Day 5 - Vines in Volcanos

Phil Cherner

Our fifth day in Lanzarote was our biggest data collection day. We began by driving down to the vineyard of Jable de Tao that we had visited earlier in the week. There we met our host and owner of the vineyard, Carmelo, as well as the other owner Matilde and her son, Miguel, and loaded our gear into their truck to get to the field site. Navigating through the volcanic landscape dotted with man-made craters, we were again transported to the moon in this lunar-like environment.

We began by testing the HexSense deployment and left the sensors to gather data for the rest of the time at the site. Additionally, Nathan also set up a prototype of the BuzzCam, developed by Patrick Chwalek of Responsive Environments. 

Once those were deployed, we moved onto testing the AstroAnt on the rover, which involved driving the rover while the Ant moved atop the rover across a marked grid on a steel plate. Through this we were able to check the accuracy of the Ant's motions as it moved around the rover taking thermal imaging of the surface. 

At the same time, Chucho was testing out the papalotes (kites) with their sensors. The crater filled valley we were in cause the wind to be more unpredictable than expected, but despite that, the kites were able to soar and collect initial rounds of data.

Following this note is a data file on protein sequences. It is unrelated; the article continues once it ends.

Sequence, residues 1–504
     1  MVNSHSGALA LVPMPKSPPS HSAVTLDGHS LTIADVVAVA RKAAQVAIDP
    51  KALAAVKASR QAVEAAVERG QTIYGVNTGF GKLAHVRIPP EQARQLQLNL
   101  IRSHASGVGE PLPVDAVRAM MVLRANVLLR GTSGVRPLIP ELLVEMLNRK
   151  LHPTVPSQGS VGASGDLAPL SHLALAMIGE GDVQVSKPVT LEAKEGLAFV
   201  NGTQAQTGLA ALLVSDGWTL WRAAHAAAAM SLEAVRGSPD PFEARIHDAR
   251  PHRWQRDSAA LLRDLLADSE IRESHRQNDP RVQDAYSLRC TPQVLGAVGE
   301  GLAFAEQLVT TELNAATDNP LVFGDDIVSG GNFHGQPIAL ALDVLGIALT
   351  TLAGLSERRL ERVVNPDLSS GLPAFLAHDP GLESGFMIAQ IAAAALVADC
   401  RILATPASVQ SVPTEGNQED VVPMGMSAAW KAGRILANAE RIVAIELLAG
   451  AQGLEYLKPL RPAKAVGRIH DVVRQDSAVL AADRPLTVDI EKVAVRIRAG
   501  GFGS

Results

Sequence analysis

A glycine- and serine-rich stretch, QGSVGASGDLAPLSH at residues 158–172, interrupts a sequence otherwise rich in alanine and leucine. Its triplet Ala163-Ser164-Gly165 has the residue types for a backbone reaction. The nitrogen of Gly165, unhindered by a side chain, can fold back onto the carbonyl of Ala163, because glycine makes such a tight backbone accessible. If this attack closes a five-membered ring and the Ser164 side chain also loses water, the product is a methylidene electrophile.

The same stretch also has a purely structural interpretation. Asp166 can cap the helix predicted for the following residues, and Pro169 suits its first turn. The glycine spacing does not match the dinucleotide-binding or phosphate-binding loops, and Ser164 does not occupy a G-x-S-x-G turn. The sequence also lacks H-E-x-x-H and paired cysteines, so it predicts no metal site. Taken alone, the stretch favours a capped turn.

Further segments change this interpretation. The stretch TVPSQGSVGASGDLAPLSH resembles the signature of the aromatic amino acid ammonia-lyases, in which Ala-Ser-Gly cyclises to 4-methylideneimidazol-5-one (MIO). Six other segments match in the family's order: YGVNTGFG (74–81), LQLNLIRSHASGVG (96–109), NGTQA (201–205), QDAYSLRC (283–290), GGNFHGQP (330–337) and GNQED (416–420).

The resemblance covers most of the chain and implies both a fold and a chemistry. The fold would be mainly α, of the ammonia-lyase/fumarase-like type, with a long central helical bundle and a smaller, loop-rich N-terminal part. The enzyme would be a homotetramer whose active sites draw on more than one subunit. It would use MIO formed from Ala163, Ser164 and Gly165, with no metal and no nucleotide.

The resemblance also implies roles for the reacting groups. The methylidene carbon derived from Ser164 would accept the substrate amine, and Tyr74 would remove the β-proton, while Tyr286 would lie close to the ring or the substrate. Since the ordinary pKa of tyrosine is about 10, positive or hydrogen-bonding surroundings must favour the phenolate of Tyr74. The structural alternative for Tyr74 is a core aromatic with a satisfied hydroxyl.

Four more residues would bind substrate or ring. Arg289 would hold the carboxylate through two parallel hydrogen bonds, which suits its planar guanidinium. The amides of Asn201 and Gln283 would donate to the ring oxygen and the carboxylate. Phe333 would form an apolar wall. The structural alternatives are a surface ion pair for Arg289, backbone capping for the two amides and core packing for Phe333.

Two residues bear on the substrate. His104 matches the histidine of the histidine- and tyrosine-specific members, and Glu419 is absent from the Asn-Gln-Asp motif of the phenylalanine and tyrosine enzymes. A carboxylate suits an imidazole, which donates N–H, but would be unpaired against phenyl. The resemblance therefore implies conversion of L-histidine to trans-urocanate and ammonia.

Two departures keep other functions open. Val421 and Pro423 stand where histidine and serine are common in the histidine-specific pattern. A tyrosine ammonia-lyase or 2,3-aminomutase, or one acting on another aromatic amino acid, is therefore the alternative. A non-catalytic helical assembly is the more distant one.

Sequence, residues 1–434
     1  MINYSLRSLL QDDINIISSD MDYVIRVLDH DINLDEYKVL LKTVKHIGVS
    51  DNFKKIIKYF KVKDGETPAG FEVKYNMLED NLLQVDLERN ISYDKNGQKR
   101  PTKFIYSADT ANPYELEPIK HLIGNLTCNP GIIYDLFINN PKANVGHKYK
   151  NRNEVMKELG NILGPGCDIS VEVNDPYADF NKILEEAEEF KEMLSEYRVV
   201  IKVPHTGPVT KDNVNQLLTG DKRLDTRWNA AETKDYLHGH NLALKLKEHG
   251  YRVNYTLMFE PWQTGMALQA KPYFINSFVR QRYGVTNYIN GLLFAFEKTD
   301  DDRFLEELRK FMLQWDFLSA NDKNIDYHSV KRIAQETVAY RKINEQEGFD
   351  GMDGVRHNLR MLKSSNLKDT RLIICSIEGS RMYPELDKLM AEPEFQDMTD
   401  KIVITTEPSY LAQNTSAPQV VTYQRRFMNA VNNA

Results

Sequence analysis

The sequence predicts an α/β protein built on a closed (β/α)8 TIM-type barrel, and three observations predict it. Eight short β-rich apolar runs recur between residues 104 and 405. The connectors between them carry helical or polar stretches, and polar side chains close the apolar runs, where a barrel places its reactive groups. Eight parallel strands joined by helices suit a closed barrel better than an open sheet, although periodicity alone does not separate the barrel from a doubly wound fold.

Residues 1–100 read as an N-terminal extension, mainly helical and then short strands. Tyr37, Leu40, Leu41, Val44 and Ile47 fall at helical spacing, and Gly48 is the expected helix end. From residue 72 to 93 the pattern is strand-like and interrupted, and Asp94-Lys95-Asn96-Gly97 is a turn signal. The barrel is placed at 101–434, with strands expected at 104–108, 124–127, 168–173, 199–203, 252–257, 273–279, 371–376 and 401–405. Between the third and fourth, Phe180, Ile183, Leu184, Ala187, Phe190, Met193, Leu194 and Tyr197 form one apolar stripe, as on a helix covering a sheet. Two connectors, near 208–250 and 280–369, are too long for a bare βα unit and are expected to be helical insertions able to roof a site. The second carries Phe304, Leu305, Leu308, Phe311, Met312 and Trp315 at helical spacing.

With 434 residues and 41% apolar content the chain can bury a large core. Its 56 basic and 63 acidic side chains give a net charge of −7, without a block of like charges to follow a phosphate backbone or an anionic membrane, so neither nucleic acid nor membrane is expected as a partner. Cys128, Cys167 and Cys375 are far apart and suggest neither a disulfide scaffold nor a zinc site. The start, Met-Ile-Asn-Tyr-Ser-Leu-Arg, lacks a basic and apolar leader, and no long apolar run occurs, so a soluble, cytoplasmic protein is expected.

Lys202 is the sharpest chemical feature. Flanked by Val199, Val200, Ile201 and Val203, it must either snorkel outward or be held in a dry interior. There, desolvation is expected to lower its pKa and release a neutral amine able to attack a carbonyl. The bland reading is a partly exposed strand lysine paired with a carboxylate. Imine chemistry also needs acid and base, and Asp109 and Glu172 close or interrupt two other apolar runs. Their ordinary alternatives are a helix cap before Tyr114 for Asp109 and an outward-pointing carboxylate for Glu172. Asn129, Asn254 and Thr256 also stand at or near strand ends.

While these experiments were taking place, Carmelo, Miguel, and Matilde were working on the vines in the craters. Even though there are no grapes currently since it is the winter season, the vines still need attention. They were performing what is called respect pruning, which is a technique that allows the vines to last for years to come, even in the dry climate of Lanzarote. The vines they were working on were over 70 years old, with the oldest vines in the vineyard reaching over 200 years old. We learned from Carmelo about the importance of preserving the traditional practices of the island and how the warming climate was affecting the crops.

After we finished our collection at the vineyard, Matilde and Alexis graciously invited us to their home to share an amazing meal of local foods. We learned about different traditional dishes such as gofio, which is a toasted wheat that has been a staple of the Lanzarote diet and can be prepared in many different ways. To top it off, their home is right next to the last volcano to be formed on the island almost exactly 200 years ago, providing an incredible view for the delicious meal. 

Leaving lunch, Carmelo took us to see another site that had deposits of limestone and Cody gave a lesson on how the ancient flows of water shaped the rock layers that we saw, providing a visual history of our planet. Carmelo also gave a lesson on the soil in the area and explained how the different soil content directly affect the flavors of the crops

 We then did a quick stop at home to get additional gear before heading to Cueva de Los Verdes for our second private data collection trip in the lava tube. We collected scans of the cave using the rover, handheld scanners, and an iPhone 15 with Lidar to compare the different tools. Additionally, Chucho was able to fly one of his kites inside the tube due to the breeze created through the tunnels.

After a long day of running experiments and collecting data we stopped for dinner at a local restaurant before finally heading home.

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